A life-long fascination with how things work led Joji Chute into an apprenticeship in mechanical engineering. “I used to watch my dad magically fix things when I was young. My apprenticeship is the stepping stone to becoming a certified engineer so I can bring things back to life too.”
When he left school, Joji completed a Certificate in Aeronautical Engineering at the Air New Zealand Aviation Institute. He is now in the second year of his mechanical engineering apprenticeship at Alive Foods in Auckland, which creates health food products such as Frooze Balls.
“I make sure the production machines are working smoothly, the workshop machines are well lubricated, and fluids are at a good level at the end of every week. The coolest thing I’ve worked on was one of the production machines that was built from scratch. I helped to build it and seeing it run for the first time was the coolest thing ever. It gave me a great feeling of achievement and success.”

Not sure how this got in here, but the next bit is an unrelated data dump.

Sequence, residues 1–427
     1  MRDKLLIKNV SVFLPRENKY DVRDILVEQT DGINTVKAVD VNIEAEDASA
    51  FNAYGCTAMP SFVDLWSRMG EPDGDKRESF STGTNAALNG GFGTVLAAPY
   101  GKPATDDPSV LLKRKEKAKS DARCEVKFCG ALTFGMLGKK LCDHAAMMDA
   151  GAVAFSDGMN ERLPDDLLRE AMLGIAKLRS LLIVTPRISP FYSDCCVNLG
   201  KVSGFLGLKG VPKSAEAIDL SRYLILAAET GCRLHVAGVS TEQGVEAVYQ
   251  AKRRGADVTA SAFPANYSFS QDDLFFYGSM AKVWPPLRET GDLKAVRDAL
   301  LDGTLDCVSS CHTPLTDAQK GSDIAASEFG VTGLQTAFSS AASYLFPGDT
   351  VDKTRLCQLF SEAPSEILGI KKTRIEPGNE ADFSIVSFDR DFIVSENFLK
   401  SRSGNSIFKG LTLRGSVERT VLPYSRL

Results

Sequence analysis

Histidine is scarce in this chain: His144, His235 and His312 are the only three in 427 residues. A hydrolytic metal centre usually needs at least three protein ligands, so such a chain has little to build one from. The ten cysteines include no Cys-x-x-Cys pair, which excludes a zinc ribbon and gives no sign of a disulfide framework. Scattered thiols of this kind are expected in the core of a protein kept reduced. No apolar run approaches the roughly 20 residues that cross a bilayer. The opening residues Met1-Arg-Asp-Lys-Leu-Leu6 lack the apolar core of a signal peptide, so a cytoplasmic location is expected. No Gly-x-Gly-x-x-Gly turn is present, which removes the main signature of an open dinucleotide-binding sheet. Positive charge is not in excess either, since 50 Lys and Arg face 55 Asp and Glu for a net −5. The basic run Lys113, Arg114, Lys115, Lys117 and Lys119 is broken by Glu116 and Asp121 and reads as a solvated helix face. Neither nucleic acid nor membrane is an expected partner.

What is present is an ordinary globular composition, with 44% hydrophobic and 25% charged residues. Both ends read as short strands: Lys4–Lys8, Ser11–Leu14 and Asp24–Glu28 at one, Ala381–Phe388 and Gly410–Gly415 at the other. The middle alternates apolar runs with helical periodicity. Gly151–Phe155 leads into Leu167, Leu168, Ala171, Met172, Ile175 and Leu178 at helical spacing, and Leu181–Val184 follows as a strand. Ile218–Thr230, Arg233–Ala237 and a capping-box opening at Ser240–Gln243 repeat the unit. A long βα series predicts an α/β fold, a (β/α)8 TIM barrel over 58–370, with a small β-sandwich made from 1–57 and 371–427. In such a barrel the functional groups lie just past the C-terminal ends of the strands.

Joji has also found the job extremely challenging at times, but he has been well supported by his workmates.
“My first time working with the milling machine was definitely a challenge. Trying to work out the number of turns, which handles move what, and a fear of spending a lot of time with less progress was tough but I was able to overcome it. With a lot of practice and help from my colleagues, I was able to learn it and come up to speed.
“Every day at work I tell myself to try and learn something new and never run away from anything when it gets hard.”
As well as technical skills, Joji also learns communication and time management skills vital for any workplace. “For example if maintenance is needed on a machine, I first communicate with the shift supervisor about when it would suit them to do the maintenance or repair so I won’t disturb the production process or be a hazard to anyone.”
For Joji, an apprenticeship allowed him to get a job at 22 and start training and earning money with no student loan to pay back. And now he is firmly focussed on completing the qualification. “I chose to do an apprenticeship because I learn better when I do things. Being able to apply what I learn in my every day work means I can relate to it and understand it much better.
“My advice to anyone considering an apprenticeship is don’t lose focus on your dream, stay humble, and work smart not hard.”